UK HomeAcademicsAthleticsMedical CenterResearchSite IndexSearch UK

 

Why Do Our Brains Betray Us?
Can a Combination of Vitamin E and Selenium Prevent Alzheimer's?

by Jeff Worley

William Markesbery, the University of Kentucky's patriarch of Alzheimer's disease research and director of the UK Alzheimer's Disease Research Center (ADRC), believes the key to Alzheimer's disease is prevention. He also believes that vitamin E is an important part of this key. And though he is an uncommonly soft-spoken man, he wants his E-message to get out loud and clear.

"So far, vitamin E has emerged as one of the weapons we have against dementia," Markesbery says from his office in the Sanders-Brown Center on Aging, where he has served as director since 1979. "There are several other things you can do to lower your risk of getting Alzheimer's, but vitamin E taken in conjunction with vitamin C is important—a previous study showed that vitamin E is one factor that slows, slightly, the progression of the disease. The important thing for individuals at risk is to take vitamin E and vitamin C along with folic acid prior to getting the disease."

Photo of William Markesbery and Ann TudorWilliam Markesbery, with help from Ann Tudor in the Sanders-Brown Center on Aging, examines brain tissue from a patient with probable Alzheimer's disease. Markesbery has been researching the causes of dementia for over 30 years at UK.

So what are these risk factors?

A major factor is age: The risk of developing Alzheimer's increases with age. One out of every 10 persons 65 years and older is a victim of Alzheimer's disease, although some victims may be in their 40s and 50s. Approximately 20 percent of Americans between the ages of 75 and 84, and almost half of those 85 years and older suffer from Alzheimer's disease.

Other risk factors under study are traumatic head injury, low education attainment, early low linguistic skills, high-fat and high-caloric intake, and genetics. What scientists are now calling "incipient" Alzheimer's—the earliest onset of the disease regardless of age—has been clearly shown to be genetic in origin. Three genes, Markesbery explains, account for less than 2 percent of cases of those with early-onset Alzheimer's disease.

People in all of these at-risk categories may benefit from a study Markesbery is currently heading up. Funded by a $5 million grant from the National Institute on Aging, the study will pair vitamin E with selenium, an essential trace element found in all cells and tissues in the body. Selenium is found in water and food—seafood, meats and Brazil nuts, for example. Vitamin E is found in a wide range of foods, especially vegetables, vegetable oils, nuts, and egg yolks.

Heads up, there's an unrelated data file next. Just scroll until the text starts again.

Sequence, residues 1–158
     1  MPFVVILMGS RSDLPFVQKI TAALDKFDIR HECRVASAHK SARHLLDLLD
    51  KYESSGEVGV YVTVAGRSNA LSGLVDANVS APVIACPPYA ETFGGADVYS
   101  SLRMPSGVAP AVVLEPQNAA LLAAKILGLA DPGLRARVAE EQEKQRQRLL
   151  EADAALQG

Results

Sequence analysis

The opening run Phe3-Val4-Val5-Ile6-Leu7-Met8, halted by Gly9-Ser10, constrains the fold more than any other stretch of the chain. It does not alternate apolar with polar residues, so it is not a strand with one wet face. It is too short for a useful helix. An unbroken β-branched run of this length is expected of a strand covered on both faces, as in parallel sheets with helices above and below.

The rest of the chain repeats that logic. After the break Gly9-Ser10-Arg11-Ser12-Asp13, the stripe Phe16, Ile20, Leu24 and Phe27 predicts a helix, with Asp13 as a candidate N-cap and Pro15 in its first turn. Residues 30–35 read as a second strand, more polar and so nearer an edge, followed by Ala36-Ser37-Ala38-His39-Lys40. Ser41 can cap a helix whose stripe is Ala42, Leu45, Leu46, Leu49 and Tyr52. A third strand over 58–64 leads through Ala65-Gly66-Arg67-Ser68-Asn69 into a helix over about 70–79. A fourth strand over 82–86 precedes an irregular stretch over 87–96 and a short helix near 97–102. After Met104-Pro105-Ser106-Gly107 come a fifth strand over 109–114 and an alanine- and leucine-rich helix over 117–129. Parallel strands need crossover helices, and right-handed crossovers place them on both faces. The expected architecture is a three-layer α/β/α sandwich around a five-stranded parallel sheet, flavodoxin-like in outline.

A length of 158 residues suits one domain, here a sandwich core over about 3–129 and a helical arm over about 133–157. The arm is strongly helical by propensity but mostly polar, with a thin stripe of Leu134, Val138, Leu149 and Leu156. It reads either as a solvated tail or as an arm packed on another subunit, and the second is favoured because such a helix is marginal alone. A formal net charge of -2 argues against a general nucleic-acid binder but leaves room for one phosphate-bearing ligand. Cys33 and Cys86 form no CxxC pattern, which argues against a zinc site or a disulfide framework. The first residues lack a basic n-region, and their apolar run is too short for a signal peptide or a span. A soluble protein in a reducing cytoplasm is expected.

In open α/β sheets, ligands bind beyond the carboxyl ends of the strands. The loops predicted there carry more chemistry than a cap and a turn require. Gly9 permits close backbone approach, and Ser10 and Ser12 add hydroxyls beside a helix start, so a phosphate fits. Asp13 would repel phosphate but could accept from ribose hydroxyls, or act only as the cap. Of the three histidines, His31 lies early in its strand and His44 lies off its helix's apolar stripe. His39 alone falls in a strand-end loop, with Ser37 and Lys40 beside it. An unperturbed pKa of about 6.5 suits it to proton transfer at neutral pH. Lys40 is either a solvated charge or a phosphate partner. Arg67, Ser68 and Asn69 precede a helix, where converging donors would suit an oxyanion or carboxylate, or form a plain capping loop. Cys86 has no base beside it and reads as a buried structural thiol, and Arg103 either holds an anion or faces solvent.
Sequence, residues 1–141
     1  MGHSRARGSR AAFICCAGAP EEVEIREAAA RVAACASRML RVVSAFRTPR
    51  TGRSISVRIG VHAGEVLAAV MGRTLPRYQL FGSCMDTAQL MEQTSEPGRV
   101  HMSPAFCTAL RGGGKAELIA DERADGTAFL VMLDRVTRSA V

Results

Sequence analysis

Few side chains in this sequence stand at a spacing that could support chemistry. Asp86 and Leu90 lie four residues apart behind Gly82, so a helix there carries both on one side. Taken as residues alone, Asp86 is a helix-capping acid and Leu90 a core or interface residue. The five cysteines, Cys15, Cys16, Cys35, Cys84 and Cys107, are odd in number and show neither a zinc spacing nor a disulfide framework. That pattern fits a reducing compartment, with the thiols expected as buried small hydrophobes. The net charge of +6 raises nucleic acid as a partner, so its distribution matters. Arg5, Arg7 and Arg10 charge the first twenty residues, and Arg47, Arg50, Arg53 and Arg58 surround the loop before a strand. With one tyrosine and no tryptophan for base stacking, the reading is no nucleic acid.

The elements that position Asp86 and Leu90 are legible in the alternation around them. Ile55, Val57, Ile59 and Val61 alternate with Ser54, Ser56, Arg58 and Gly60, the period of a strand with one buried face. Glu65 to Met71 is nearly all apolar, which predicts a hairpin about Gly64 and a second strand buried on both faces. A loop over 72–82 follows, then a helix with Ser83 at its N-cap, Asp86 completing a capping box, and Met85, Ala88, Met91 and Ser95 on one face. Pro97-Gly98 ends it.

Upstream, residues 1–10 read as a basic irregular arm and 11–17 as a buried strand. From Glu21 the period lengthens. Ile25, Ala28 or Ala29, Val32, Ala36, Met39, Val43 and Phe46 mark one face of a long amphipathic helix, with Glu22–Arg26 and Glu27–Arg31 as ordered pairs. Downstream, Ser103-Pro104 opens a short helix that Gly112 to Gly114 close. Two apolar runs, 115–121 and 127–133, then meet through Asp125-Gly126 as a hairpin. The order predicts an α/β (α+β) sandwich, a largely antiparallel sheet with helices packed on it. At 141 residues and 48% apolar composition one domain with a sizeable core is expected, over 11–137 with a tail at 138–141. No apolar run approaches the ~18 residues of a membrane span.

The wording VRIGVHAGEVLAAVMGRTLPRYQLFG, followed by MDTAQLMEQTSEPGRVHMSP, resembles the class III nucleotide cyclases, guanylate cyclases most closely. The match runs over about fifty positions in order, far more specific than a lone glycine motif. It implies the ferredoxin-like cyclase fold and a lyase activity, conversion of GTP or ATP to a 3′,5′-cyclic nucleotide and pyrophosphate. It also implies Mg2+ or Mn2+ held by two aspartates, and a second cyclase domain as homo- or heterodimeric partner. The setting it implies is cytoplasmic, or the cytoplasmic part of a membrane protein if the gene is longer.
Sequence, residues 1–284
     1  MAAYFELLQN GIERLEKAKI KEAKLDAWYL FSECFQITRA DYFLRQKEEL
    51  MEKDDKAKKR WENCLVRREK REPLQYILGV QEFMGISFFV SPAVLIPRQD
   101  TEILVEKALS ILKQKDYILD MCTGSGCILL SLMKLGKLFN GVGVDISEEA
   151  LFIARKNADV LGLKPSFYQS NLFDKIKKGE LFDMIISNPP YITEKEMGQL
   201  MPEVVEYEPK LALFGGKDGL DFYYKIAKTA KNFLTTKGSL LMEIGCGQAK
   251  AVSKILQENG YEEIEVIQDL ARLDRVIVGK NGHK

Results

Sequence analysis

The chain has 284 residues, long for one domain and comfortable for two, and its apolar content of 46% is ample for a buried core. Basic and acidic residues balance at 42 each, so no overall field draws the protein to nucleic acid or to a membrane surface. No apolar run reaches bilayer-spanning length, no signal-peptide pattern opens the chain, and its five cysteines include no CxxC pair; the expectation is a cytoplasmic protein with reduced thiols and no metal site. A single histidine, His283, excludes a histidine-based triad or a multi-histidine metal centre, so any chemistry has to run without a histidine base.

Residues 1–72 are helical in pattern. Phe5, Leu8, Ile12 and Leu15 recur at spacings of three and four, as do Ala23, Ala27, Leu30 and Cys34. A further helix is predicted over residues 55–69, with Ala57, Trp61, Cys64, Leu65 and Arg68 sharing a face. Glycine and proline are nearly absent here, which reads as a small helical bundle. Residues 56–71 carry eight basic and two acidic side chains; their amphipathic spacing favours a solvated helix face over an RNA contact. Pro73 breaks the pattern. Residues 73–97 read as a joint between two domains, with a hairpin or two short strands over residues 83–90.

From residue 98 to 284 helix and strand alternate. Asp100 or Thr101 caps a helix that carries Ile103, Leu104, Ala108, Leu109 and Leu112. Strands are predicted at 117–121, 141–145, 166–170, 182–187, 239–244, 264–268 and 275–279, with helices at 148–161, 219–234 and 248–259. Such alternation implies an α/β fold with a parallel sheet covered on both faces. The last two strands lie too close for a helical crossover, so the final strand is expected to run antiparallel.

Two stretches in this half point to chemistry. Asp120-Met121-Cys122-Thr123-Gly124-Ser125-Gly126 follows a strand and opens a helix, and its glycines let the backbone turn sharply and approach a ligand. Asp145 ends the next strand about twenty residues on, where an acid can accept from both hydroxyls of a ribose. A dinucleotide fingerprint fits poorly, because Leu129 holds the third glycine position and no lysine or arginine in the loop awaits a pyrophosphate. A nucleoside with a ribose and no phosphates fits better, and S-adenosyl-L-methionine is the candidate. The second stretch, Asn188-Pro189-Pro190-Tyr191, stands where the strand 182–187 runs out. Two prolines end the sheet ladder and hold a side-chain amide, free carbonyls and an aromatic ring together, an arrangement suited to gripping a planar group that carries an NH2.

There is prior evidence that enhanced levels of selenium in the brain might increase antioxidant defense mechanisms against Alzheimer's disease. Taken together, Markesbery says, these two natural antioxidant supplements might work better than alone in fighting oxidative stress.

"What is oxidative stress?" Markesbery asks rhetorically. "Well, we obviously need oxygen to live, but the reactions that oxygen undergoes in the body have to be carefully controlled or else your body begins to produce oxygen radicals that damage lipids, proteins and DNA in cells, especially neurons."

This current project, which is called PREADVISE (Prevention of Alzheimer's Disease by Vitamin E and Selenium), will link up with SELECT (Selenium and Vitamin E Cancer Prevention Trial), a large National Cancer Institute-sponsored study looking at the effects of these two substances in preventing prostate cancer.

The five-year PREADVISE study will examine a subgroup of about 10,000 of the more than 32,000 men being recruited nationally for SELECT.

"Like prostate cancer, Alzheimer's disease usually occurs later in life, so this study presents a unique opportunity to assess the impact of selenium and vitamin E on the beginnings of dementia," Markesbery says.

So far, more than 400 locations in the United States, Canada and Puerto Rico have enrolled men in SELECT. Study investigators hope to recruit all the participants during the first five years of the trial, so each man can be followed for at least seven years. Five study sites are located in Kentucky, including Central Baptist Hospital in Lexington and the UK Markey Cancer Center.

Men may qualify to participate in this study if they are age 62 or older (60 or older if of Hispanic or African origin) and in general good health. Participants must also have no history of diagnosed dementia and no major head injury in the last two years.

"Prospective participants take a mental status examination, and they have to score in the normal range on that," Markesbery explains. "And there's an intake assessment where they're asked a lot of questions, especially about their family history." Participants are then placed randomly into one of four groups: They get either vitamin E or selenium, vitamin E and selenium, or a placebo.

"We're in the very early stages of this 12-year-long trial," says Maresbery, "and the key right now is active recruiting. Obviously the assessment of all the data we get won't occur for some time, but we will get updates along the way on how we're doing."

The PREADVISE study is one example, he says, of how basic laboratory data from many Sanders-Brown studies is being translated to preventive studies in Alzheimer's disease. "You just can't overstate the importance of prevention. This disease starts many years before it ever shows up clinically."

Next section

Choose a section:

For more information about Alzheimer's disease clinical trials at the UK Sanders-Brown Center on Aging, call 859/323-6729 or visit www.mc.uky.edu/coa.

Entire article as pdf